The Unsettling State of State-Level IT Procurement

This post, written by David Wyld, originally appeared on Public Spend Forum

The National Association of State Chief Information Officers (NASCIO) has released its annual survey of State CIOs, produced in association with TechAmerica, and Grant Thornton LLP. The fourth annual report, titled “The Enterprise Imperative: Leading Through Governance, Portfolio Management and Collaboration,” shares the perspective of CIOs from all 50 states and 4 U.S. territories. The report has some very positive news on a variety of fronts, including greater cross-agency collaboration and more enterprise-level initiatives, a sharp move to cloud-based solutions and services, and perhaps most importantly for contractors, an improved outlook on IT spending, in the wake of most states’ improved budgetary outlooks. However, one troubling area of the report is the CIOs’ perspectives on IT procurement, which they generally find to be slow, outmoded and so risk-averse as to impede innovation.

Overall, the NASCIO survey found that 51% of the state CIOs expressed that they were either very or somewhat dissatisfied with their state’s IT procurement processes—and quite tellingly, only 6% were highly satisfied with tech acquisition in their state. Sixty percent of the CIOs expressed the belief that their IT procurement processes were either very or somewhat ineffective, with again less than 10% saying that they had very effective tech acquisition processes in place. What caused such high levels of dissatisfaction with tech procurement amongst these state tech executives?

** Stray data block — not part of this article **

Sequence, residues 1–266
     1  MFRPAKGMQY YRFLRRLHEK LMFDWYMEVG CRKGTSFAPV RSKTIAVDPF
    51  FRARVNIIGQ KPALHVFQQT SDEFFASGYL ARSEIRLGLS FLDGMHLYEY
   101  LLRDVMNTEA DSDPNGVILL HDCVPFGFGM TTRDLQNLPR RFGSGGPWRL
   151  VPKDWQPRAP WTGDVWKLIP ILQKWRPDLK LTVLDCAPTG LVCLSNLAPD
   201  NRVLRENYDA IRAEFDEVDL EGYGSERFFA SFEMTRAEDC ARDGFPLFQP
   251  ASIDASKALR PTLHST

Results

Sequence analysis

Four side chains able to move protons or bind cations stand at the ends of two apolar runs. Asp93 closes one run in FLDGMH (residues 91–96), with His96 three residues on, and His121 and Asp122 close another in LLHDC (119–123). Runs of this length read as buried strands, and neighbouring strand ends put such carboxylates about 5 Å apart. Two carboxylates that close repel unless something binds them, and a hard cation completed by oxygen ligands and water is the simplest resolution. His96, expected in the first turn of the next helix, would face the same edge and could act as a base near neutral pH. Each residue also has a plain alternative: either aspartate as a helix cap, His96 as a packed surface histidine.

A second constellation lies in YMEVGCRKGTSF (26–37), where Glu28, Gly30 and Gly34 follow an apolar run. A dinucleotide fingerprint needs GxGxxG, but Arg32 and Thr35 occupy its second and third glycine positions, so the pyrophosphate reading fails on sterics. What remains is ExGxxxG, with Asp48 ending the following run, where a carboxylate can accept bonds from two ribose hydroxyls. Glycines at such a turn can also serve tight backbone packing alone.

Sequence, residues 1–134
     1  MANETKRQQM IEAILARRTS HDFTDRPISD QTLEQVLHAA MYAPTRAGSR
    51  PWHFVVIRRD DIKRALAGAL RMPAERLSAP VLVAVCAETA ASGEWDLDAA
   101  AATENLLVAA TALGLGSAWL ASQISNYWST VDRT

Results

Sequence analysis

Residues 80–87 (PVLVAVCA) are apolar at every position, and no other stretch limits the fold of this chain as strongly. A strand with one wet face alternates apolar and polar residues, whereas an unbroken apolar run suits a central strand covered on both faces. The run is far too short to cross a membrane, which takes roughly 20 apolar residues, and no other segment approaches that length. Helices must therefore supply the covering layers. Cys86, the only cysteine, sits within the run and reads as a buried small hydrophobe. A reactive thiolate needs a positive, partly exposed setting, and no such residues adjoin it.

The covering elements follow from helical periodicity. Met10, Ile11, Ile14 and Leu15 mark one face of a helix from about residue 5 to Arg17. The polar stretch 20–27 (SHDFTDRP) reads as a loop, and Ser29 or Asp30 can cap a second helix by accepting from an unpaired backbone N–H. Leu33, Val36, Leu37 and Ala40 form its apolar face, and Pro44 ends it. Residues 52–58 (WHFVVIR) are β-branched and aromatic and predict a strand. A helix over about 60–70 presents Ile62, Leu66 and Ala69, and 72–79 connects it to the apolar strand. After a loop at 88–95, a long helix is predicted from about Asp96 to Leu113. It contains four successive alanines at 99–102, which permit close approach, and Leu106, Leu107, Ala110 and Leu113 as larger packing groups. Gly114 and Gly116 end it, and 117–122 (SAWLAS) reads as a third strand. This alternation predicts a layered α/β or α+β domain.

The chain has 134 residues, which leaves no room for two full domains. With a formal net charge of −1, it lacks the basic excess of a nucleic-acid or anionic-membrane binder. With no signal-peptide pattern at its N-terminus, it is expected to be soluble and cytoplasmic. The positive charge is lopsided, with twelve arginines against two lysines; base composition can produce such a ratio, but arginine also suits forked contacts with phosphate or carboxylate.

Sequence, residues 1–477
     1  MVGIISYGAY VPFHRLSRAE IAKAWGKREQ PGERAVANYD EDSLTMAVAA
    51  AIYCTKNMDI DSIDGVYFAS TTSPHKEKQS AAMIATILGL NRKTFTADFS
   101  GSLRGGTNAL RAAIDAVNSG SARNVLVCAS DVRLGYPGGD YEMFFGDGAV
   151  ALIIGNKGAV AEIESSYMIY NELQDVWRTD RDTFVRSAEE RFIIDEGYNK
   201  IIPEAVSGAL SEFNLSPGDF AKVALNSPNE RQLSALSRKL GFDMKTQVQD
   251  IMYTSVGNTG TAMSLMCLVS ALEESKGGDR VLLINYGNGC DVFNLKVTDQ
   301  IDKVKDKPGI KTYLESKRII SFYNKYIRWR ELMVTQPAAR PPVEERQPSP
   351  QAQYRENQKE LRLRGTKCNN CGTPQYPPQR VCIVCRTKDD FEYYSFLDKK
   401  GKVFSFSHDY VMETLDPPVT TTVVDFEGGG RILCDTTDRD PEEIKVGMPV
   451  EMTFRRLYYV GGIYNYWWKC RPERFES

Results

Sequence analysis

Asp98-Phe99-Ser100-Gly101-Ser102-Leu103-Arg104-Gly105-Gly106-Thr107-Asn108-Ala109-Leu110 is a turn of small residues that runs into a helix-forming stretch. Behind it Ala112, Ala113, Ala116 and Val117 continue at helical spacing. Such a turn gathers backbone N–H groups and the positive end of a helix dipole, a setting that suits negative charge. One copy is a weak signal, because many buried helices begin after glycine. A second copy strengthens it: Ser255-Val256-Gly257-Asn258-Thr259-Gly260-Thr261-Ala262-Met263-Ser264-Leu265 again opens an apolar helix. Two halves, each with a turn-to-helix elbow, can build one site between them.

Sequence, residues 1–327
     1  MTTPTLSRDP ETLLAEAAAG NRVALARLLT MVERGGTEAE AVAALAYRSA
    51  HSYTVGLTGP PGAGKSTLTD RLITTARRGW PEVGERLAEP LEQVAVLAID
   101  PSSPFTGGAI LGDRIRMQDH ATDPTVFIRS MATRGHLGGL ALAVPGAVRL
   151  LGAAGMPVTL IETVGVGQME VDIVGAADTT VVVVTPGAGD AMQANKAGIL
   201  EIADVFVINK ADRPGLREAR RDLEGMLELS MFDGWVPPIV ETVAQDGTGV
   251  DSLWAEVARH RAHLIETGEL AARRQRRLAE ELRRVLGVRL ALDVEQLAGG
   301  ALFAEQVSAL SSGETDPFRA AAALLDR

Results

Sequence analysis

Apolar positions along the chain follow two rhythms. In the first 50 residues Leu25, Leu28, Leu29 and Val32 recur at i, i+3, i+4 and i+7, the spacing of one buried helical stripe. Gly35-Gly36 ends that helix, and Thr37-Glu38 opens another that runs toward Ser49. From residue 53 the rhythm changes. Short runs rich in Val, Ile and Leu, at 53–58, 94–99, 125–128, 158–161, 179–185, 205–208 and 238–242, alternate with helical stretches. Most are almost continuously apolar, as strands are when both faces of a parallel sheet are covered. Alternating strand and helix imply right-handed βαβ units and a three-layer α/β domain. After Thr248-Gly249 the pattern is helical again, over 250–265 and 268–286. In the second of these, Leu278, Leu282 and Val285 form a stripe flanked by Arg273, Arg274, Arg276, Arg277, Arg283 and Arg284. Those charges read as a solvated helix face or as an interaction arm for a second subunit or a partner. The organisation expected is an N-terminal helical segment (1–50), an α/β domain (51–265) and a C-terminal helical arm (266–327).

According to the NASCIO report, the CIOs reported that “the length of time required to complete a procurement and the risk-averse nature of the procurement process that often stymies innovation” were the most frequently cited complaints of the top state officials. As a group, the state IT heads also expressed concerns that the current contracting processes were “immature,” in that they did not have tech providers equally share risk with the government agencies on the success of IT projects. As such, the CIOs felt that the current state of affairs left the government falling short of truly partnering with tech providers on IT projects.

The CIO survey also asked the state IT heads what changes they would like to see to improve contracting for technology-related items and services. The NASCIO reported that the top five priorities for state CIOs were to:

  • Provide training to state staff involved with IT procurement so that they are better equipped to develop RFPs that balance risks between vendors and states.

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